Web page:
This study analyses the interplay between bank competition, access to finance and economic growth in the economic block of emerging market countries that have reformed their financial sectors, mobilized resources and increased cooperation with the aim of contributing to the 2050 growth forecast. It provides answers as to whether there is need for further strengthening of these countries’ financial institutions for the purpose of achieving the 2050 forecast.

The study contributes to extant finance-growth nexus literature by offering new evidence on the interplay between bank competition, access to finance and economic growth. Second, from a methodological perspective, the current work improves on previous work by using the panel Vector Error Correction Model (panel VECM). This study, to the best of our knowledge is the first one to explore bank competition, access to finance and economic growth nexus using the panel VECM technique among BRICS economies. Our results show that competition and access to finance collectively cause economic growth of BRICS in the long run and the disequilibrium in the system being adjusted at the speed of 7.62%. Therefore, we conclude that formal finance and competition in the banking sector have been largely instrumental in the growth of these economies and recommend that while alternative source of financing may be plausible, policies that will further strengthen the formal financial system must be enhanced and consolidated.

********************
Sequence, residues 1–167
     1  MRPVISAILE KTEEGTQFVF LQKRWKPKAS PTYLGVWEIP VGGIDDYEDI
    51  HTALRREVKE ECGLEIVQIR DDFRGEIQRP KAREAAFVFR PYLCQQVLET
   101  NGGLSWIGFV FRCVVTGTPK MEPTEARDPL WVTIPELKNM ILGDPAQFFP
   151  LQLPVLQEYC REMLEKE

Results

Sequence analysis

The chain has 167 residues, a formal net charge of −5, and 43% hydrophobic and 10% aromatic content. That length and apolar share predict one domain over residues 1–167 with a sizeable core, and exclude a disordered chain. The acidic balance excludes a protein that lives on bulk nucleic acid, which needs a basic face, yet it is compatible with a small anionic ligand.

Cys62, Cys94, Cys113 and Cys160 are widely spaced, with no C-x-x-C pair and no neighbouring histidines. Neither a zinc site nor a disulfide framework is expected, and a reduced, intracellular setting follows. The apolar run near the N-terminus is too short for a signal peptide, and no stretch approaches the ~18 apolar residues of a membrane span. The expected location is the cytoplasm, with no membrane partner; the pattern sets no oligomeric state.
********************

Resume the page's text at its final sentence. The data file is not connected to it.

The rest of the paper is structured as follows: Section 2 presents the literature review. The data and methodology are discussed in Section 3. Section 4 presents and discusses the estimation results and robustness checks. Section 5 concludes the paper.

2. Literature Review

The relationship between access to finance and economic growth as well as between competition and economic growth are well-captured in literature. The finance-growth hypothesis and information hypothesis dominate the theories underscoring the interaction between access to finance and economic growth providing divergent views. Proponents of the finance-growth model argue that finance is necessary for economic growth. It is rooted in the supply-leading hypothesis (Ang, 2008; Beck, 2013; King & Levine, 1993; Levine, 2005; Patrick, 1966; Schumpeter, 1911, among others) that emphasized the importance of access to formal finance for economic development. The market power hypothesis predicts that low competition adversely affects access to finance which consequently reduces economic growth. This industrial organization theory posits that the cost of finance reduces with improved efficiency in a competitive banking environment which arguably increases access to finance given the drive to innovate and expand services in order to remain in the market. The theoretical model of Denicolò and Zanchettin (2010) substantiates this argument, where in modelling the effects of competitive selection process on economic growth submitted that the market selection effects of competition boost innovation incentives hence more access to finance with competition in the banking system.

The information hypothesis, however, has contested the general market power theorem that competition is beneficial to economic growth in the sense that market power reduces access to finance that hampers the growth of industries. According to the information hypothesis theory, competition reduces access to finance because of the existence of information asymmetry and agency costs which make it difficult for banks to internalize the returns from investing in lending. (Léon, 2015) Stiglitz and Weiss (1981) argued that the risk of adverse selection and moral hazard is increased with information asymmetry resulting in credit rationing. Thus, the information hypothesis therefore insists that market power is necessary to ease the blockage that is occasioned by information asymmetry between borrowers and lenders through impacting both monitoring and screening activities.